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  5. "Labhraímid Béarla."

"Labhraímid Béarla."

Translation:We speak English.

September 20, 2014



Don't they also say "Tá bearla agam"?

  • Tá Béarla agam means that I’m capable of speaking English — I (have the ability to) speak English.
  • Labhraím Béarla means that the words that I utter are in English — I speak (in) English.


What about the translation: Labhraím Béarla => I am speaking English?


Labhraím Béarla doesn't mean "I am speaking English".

Táim ag labhairt Béarla is "I am speaking English".


It sounds like there is an extra syllable in "Labhraímid" between the í and the m... Does M typically get its own syllable? It sounded like that in "orm" too.


In the case of orm, or generally speaking after L, N, or R, and before B, BH, CH, G, M, or MH, an unwritten, unstressed vowel is pronounced — the so-called “epenthetic vowel”. This effect can also cross over into English as spoken by some Irish people, so that e.g. the English word “film” could be pronounced as “fill ’em”.


I've heard that! I was always curious on why that was.


It’s a matter of pronunciation mostly, since the “clear L” is by far the most used by Irish people, and it’s difficult to say “film” with a clear L and without an epenthetic vowel. (People who say “film” with one syllable use the “dark L” in that case, since it’s not difficult to directly follow a dark L with an M.)


We Germans don't have the dark l, but we do have the word Film, so it's quite easy to pronounce this word with a clear l without an additional vowel sound for Germans.

I'm really happy not to be an English native speaker. It would make learning languages much harder for me.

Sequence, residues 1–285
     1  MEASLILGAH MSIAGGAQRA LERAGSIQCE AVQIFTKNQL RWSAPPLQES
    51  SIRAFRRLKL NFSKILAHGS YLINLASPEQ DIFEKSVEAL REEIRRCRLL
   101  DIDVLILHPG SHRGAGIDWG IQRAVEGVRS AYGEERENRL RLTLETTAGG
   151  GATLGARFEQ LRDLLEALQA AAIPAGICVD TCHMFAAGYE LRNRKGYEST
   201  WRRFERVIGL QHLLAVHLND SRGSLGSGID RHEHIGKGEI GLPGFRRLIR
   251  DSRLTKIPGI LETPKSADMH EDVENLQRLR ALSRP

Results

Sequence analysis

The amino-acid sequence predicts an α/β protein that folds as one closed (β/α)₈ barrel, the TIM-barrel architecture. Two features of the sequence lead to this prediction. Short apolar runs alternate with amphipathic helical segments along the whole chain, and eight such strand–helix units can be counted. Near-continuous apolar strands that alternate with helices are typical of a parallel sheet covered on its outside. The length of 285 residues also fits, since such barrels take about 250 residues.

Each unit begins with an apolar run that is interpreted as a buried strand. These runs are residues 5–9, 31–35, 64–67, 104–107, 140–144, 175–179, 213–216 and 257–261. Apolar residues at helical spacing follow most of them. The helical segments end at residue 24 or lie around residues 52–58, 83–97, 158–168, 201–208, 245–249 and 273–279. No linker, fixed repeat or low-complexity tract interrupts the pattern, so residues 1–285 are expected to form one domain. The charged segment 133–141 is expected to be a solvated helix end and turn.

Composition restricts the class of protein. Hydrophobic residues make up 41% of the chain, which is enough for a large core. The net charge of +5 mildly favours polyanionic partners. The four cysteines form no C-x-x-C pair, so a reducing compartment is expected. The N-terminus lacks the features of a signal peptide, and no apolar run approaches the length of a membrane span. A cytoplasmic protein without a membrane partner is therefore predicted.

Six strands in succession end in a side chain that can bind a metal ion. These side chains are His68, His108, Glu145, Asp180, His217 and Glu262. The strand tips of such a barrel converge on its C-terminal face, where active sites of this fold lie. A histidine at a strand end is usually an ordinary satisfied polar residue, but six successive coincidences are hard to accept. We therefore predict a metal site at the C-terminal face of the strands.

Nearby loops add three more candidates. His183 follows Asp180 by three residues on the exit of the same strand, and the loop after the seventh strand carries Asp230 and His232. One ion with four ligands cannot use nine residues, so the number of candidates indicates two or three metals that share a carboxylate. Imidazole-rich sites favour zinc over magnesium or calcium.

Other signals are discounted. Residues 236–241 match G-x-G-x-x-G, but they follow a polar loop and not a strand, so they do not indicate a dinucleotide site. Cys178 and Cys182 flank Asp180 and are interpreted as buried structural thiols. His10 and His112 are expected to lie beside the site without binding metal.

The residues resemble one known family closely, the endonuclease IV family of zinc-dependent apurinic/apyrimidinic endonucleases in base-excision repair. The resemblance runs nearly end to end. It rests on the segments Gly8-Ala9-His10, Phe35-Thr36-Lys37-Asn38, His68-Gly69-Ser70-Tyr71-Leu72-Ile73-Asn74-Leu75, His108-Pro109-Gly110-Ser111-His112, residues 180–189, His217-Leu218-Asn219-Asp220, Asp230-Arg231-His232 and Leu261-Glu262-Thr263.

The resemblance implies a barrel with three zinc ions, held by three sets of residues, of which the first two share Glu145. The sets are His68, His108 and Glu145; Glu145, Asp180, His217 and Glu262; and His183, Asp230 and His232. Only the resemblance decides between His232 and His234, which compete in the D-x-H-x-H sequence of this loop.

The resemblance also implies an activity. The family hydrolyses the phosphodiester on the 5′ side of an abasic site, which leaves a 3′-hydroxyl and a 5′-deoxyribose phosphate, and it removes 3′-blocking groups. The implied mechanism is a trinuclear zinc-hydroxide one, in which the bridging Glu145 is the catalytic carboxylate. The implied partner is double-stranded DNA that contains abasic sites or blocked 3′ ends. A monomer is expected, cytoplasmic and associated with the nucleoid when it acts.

interesting, in dutch we have the word film too ( i guess you use movie where we use fillm, also when you use tape (not the sticky kind) but taping and videotape), and some people here say film, but i think more say fill 'em or as I would write it: fillum


Thanks so much for your help!


People are coming from Gdansk to see the fillim


Maybe this might help explain the difference :Tá Béarla agam ach labhraim Gaeilge le m'athair. I speak English but i speak Irish with my father. The first clause saying I CAN speak English and the second saying WHEN/WHER I speak Irish . That's my understanding of the difference


I can never seem to spell labhraímid. I can only spell it now because I wrote it down


Isnt it Tá bearla orm. You have a language in irish rather than speak it


Not 'Tá bearla orm,' but 'Tá bearla agam.' I have been told that to say, 'Labhraim bearla,' is a direct translation from English and frowned upon.


As Scilling mentioned, the two are not synonymous. Tá Béarla agam means "I speak English" as in "I have the ability to speak English", where as Labhraím Béarla means "I regularly/habitually speak English".


There’s a distinction between the two — see the reply to MonsieurSethers above.


But they said that in Irish...


Seems to me that this would work if someone did not understand that you had said something in English


Béarla used to mean tongue in Irish, didn't it?


Dinneen defined béarla in his 1904 dictionary as

language, speech, dialect; the English language; {@style=font-family: 'Bunchlo Arsa GC', 'BunchloArsaGC', serif; font-style: normal; font-weight: normal; font-size: 12pt}b. féinne, the dialect of some old Irish tracts.


Oh, I see...Interesting, but does it still mean "language" or not any more?


More recently, the FGB defines béarla as either “speech” (not the “oration” meaning of “speech”, though) or “the English language”, so quite similar to Dinneen’s definition. Refer to that link for further details.


Teanga is tongue


Great series for learnig irish on you tube https://youtu.be/7nz--LpYC30

Pass it on...


How do you say "English is spoken here"?


This isbt correct. Tá bearla agam. I have English.


I got the whole WE COME IN PEACE vibe from this. Did anyone else feel simarly?

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